There’s no shortage of initiatives targeting Jewish voters. Some are non-partisan efforts focused on getting people to the polls, regardless of their preferred candidate. The Religious Action Center of Reform Judaism says it has engaged with over 350,000 voters so far. Hillel’s new MitzVote initiative helps students college students register and spread the word among their friends. Events like Jewish Women Vote, a Shabbat-themed “celebration of voting” hosted by the National Council of Jewish Women, use high-profile guests like Debra Messing (a vocal Biden supporter, although the event isn’t linked to either campaign) to energize viewers about voting.

Other Jewish organizations explicitly support the Biden campaign. The Jewish Democratic Council of America has deployed ads featuring Billy Cyrstal and Bill Kristol in swing states where the Jewish vote is key. In solidly blue New York, The Jewish Vote mobilizes Jews around progressive causes and candidates.

But Jewish Women for Joe is one of several smaller groups oriented specifically around the 2020 elections and targeting a very specific slice of the Jewish vote. Like others in this genre — for example, Jewish Floridians for Biden — the group lacks a website and communicates via social media. The steering committee chooses speakers with a young, professional and largely female audience in mind. Events focus not just on the issues traditionally associated with Jews, like antisemitism, but reproductive rights, racial inequality and gun violence.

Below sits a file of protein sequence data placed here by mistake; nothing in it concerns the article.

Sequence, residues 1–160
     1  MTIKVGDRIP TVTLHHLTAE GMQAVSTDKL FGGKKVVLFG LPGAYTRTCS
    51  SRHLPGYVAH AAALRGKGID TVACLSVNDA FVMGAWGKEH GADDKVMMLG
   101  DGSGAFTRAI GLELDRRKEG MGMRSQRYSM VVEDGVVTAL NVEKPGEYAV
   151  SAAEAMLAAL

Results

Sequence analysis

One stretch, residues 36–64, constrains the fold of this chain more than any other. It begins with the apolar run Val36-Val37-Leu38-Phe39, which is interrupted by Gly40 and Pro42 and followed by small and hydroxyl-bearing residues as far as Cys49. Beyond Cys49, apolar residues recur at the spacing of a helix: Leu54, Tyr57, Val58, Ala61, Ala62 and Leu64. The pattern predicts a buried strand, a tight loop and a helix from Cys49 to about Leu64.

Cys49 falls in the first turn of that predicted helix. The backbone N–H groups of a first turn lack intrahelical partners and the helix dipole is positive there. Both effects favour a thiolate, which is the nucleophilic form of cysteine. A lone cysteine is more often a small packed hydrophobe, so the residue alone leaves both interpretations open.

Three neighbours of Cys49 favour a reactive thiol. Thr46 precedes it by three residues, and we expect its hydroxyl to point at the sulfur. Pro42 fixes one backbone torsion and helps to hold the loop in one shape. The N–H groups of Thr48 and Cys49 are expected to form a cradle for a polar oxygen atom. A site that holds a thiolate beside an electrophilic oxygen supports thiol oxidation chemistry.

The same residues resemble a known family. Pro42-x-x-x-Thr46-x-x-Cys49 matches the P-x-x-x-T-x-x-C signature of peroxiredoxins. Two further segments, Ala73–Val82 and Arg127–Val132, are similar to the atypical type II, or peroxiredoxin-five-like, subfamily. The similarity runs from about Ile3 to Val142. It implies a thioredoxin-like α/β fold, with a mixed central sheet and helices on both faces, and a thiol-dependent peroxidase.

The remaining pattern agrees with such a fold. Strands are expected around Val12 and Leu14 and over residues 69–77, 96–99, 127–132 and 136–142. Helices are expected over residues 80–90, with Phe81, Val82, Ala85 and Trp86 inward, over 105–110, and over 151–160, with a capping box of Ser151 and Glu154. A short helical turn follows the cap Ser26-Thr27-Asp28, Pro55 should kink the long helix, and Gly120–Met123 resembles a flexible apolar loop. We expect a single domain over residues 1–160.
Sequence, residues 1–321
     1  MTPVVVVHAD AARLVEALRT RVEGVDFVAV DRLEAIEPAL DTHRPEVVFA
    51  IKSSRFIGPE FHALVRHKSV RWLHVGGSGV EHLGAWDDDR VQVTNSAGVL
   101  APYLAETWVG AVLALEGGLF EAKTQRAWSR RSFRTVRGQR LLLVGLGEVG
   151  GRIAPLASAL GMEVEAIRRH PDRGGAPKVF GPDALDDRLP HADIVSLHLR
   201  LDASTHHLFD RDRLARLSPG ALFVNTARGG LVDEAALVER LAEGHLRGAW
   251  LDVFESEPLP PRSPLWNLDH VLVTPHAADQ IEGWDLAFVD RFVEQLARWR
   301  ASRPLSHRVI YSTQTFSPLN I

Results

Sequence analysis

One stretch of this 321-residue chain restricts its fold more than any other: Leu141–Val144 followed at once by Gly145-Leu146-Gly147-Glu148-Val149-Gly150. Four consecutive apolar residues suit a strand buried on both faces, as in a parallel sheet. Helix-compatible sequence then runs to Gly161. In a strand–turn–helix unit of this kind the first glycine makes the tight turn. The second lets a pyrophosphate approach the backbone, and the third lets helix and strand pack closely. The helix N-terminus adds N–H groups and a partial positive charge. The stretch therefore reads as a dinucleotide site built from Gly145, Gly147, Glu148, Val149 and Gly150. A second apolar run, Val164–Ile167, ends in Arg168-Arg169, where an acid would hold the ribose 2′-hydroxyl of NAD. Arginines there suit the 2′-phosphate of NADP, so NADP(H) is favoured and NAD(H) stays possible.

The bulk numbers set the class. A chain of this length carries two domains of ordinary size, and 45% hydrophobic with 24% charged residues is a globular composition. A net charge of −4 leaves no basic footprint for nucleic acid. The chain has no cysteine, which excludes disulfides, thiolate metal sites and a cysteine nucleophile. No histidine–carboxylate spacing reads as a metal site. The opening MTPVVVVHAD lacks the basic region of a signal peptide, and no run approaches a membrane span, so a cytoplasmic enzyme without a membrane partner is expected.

And the group’s leaders are volunteers managing full-time jobs, which means planning meetings that take place at “strange hours,” Altschuler said.

Nevertheless, just two weeks after the committee formed, Jewish Women for Joe hosted a virtual kick-off event with Ashley Biden which drew almost 1,000 attendees. Since then, they’ve hosted 10 events and are planning several more before the election. Future guests include attorney Kathleen Kennedy Townsend and Congresswoman Debbie Wasserman Schultz.

Each event follows a snappy format the committee designed to appeal to women like them: young professionals carving out time for politics amid professional and personal obligations that, in many cases, have only intensified during the pandemic. After a brisk Q&A, moderators conduct a quick-and-dirty phone-banking tutorial teaching participants how to log calls and what to do when speaking to a Trump supporter. (Stay cordial, of course.)

Then the most important task of the evening begins: a 30-minute phone-banking session in a swing state like Florida. Participants mute themselves but keep their video feeds on in a gesture of solidarity. While they make calls, they can see a gallery of silently gesturing comrades. In the chat box, moderators field questions and callers share positive stories. During the Rosen event, one spoke to a chiropractor who assured her he’s reminding all his patients to vote. Another spoke to a Rebpulican voter who simply said: “Not this year.”

To organizers, the bite-sized style makes Jewish Women For Joe uniquely positioned to welcome disengaged voters into the expanding tent of political organizing.

“Making sure we’re looking at each other while we phonebank, connecting in the chat, sharing stories — I think that makes this a lot more approachable,” Altschuler said.

Irene Katz Connelly is an editorial fellow at the Forward. You can contact her at [email protected]. Follow her on Twitter at @katz_conn.